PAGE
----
Like a lot of people, Brexit has been forcing me to contemplate the English presence in Irish political life lately and I regret that because it's often enraging

There has been shock around the world at the recent bullying tactics employed by Downing Street and its bumptious prime minister Boris Johnson to intimidate the Irish into doing what we're told.

We're not shocked, because we know these people. We were England's first colony after all, so there's more than a little irony in the fact that we are clearly going to be its last.

The Union Jack flying alongside the Irish tricolor flag.

The Union Jack flying alongside the Irish tricolor flag.

It was all supposed to be so different though, wasn't it? Brexit was supposed to be an invigorating reminder of England's greatness, but for us it's a stark reminder that our island is still partitioned, that this enforced partition has endured for almost a century, that its potential to harm our economy has only grown as its economic fortunes have failed, and that this shambolic English revolution could soon reawaken old enmities to the misery of all.

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The sheer scale of English indifference to Irish life has been the top note of our centuries-long encounter if we are honest. Brexit makes all of this clear to us again (it is fair to call an English nationalist revolt). We try to move beyond our fraught past, but they can't help but drag us back. It's a waltz we can't escape, like something out of a Grimm's fairy tale.

What we have learned is a lesson that is common to all toxic relationships, that Ireland only gets English attention when we defy them.

Irish leader Leo Varadkar and Prime Minister Boris Johnson.

Irish leader Leo Varadkar and Prime Minister Boris Johnson.

They took their Brexit vote without a thought for what it would mean for us, they ignored all our warnings about the foreseeable consequences, they told us not to worry about the border or the peace process, they assumed that we'd simply fall into line, because we always have and that's how they see us, as little people with funny accents who do as we're told.

What's changed now, and what's enraging them, is that we are no longer isolated and easily bullied, because Europe has our back and Europe's markets dwarf the British. That's a new wrinkle in the story that they can't get their heads around. We have gone off script and now they don't know how to play the scene.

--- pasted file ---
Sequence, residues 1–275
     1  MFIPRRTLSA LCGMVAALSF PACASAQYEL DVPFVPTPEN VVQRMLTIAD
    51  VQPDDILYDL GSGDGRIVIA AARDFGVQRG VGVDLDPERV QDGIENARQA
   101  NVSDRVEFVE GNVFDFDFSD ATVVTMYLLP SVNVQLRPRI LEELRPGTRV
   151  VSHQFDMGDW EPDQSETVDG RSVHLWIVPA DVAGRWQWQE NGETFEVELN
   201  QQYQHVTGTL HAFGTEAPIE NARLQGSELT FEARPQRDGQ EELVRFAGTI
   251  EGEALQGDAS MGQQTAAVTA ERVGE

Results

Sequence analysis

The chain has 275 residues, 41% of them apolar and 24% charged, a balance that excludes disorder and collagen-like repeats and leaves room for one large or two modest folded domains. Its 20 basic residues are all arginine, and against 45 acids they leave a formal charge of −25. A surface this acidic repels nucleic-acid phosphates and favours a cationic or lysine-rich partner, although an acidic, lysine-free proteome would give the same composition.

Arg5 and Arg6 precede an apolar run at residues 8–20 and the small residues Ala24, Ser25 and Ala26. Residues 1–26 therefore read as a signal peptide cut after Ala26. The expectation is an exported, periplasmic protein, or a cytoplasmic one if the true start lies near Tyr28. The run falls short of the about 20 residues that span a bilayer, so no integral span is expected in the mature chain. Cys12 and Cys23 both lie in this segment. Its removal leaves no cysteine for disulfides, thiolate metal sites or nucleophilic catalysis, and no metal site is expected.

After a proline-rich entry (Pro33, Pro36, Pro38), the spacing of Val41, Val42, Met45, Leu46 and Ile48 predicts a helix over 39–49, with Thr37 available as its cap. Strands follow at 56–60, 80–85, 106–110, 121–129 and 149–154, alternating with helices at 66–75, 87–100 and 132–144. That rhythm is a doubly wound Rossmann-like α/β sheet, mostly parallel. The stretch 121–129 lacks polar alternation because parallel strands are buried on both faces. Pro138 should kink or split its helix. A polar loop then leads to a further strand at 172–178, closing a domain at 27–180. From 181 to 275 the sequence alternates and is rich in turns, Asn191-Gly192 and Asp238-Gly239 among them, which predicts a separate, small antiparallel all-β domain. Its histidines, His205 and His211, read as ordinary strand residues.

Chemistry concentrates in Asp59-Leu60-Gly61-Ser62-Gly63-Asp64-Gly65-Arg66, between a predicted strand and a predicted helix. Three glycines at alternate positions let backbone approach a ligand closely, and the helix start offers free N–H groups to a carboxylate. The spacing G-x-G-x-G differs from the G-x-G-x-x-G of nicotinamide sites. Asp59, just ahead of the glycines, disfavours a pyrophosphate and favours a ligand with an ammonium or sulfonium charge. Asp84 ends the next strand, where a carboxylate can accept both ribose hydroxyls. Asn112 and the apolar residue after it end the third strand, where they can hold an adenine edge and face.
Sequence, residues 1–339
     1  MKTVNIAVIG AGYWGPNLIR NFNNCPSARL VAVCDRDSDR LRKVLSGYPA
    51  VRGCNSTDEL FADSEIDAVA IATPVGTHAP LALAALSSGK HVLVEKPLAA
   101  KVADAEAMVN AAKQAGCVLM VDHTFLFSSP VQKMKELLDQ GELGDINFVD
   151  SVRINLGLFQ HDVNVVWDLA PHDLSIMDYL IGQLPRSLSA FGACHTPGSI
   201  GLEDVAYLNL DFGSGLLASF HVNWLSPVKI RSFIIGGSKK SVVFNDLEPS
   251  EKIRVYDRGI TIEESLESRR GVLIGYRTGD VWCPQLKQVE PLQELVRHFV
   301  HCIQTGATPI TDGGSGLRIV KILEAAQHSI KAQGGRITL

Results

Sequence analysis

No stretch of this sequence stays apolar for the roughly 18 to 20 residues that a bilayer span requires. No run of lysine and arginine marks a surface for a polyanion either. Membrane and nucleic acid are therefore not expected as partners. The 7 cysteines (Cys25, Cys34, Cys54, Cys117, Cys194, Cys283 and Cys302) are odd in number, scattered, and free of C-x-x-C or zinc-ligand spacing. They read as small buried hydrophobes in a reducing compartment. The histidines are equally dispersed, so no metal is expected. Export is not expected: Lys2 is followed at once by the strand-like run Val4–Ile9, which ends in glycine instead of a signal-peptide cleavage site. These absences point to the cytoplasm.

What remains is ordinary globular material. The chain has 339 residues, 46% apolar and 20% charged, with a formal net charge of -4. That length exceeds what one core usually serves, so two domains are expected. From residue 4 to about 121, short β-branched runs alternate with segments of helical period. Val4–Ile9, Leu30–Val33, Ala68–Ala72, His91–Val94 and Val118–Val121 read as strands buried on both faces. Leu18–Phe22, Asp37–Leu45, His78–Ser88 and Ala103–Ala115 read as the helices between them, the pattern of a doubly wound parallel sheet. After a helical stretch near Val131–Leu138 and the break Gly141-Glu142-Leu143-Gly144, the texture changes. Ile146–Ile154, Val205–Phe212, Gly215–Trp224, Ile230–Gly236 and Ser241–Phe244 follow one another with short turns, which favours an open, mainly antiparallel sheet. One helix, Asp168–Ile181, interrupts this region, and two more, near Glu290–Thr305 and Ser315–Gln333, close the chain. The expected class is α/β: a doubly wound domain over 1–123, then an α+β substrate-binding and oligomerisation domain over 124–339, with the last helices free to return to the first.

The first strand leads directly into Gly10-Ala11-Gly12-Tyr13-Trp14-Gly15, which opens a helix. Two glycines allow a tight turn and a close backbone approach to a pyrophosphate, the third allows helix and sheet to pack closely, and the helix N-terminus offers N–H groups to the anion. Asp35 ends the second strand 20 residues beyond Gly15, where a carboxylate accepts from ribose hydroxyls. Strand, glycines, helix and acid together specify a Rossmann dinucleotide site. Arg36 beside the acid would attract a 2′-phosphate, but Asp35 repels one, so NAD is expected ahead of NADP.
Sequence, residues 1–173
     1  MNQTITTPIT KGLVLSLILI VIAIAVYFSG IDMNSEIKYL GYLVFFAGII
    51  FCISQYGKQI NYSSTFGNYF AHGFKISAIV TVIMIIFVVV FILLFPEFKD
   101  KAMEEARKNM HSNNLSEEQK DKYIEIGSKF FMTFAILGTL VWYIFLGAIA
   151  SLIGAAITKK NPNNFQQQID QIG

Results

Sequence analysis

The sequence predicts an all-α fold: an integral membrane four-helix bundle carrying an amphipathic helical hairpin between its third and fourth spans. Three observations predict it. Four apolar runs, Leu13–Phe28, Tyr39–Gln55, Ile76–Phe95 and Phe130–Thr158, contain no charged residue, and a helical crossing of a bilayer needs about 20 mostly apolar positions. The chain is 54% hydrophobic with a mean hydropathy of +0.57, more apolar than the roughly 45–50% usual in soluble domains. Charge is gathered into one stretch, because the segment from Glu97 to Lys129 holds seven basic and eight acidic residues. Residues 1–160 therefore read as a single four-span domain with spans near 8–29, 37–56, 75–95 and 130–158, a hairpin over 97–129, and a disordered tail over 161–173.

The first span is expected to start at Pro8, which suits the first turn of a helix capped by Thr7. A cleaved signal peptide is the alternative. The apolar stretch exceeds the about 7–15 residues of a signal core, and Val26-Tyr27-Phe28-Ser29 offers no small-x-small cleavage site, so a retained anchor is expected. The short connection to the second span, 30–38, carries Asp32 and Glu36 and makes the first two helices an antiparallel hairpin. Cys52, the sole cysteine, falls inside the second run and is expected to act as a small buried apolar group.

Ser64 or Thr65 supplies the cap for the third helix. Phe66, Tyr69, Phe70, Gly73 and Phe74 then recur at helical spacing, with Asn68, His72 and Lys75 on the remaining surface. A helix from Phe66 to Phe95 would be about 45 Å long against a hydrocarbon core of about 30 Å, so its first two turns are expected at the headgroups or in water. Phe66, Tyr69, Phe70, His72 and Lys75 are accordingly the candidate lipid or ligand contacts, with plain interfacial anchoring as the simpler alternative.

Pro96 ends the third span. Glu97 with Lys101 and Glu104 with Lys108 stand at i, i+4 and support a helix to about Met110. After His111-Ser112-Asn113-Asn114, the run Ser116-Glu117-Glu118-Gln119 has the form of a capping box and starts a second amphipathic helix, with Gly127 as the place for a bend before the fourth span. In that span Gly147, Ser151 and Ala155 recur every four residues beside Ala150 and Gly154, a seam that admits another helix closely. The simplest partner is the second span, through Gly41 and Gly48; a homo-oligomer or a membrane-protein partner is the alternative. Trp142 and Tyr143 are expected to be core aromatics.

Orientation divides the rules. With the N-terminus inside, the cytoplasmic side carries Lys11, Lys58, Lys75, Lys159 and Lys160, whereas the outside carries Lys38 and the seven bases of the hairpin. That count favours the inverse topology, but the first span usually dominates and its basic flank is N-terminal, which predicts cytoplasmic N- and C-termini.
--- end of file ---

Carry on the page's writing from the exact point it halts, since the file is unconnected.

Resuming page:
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It's become clear they need a fall guy for the mess they got themselves into and it's very clear that it's Ireland they're setting up to take the fall. They never imagined we would refuse that burden. They never imagined our resolve would not fail.

In Ireland, whenever we face a crisis, we often return to learn the lessons of our ancestors. Here's one, culled at random from the remarkable Atlas Of The Great Irish Famine.

The Irish Famine memorial in New York city.

The Irish Famine memorial in New York city.

During the darkest years of the Great Hunger, as tens of thousands of the Irish starved, the mercantile and business classes (to wit the British in Ireland) adopted a “business as usual” attitude.

In August 1846 for example, the Royal Agricultural Improvement Society held a banquet in Limerick where about 400 people “sat down to an excellent dinner... the wines were of the very best quality. Toasts were drunk to the royal family. The only discordant note was when Captain Kennedy stood and suggested that things were not all that well in the country, but such were the expressions of dissatisfaction, loudly and frequently repeated, that Captain Kennedy was forced to sit down.”

History doesn't record what happened to Captain Kennedy after his attack of conscience, but that he was booed and mocked until he shut up tells you all you need to know about how sympathetic the British were to the suffering all around them.

The Republic of Ireland and Northern Ireland, the great divid.

The Republic of Ireland and Northern Ireland, the great divid.

British politicians do an eye roll when you mention the famine. Some Irish do too. They would deny us our history but sing hymns to their own. You can dismiss such people with the same indifference.

Here is the truth, England has the muscle memory of empire but it has no empire left. So it's having an identity crisis – who are we if we no longer matter? - that is clearly leading their nation toward a great reckoning.

It will be a task for historians in years to come to contemplate why the English decided, after centuries of enslaving over half the planet, that they no longer wanted to engage with the wider world or their closest markets and neighbors, that they instead wanted to build a little moat and isolate themselves.

That's unfortunate, and no doubt they have their reasons, but it has never been our fault.

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Brexit: "Now panic and freak out".Flickr.com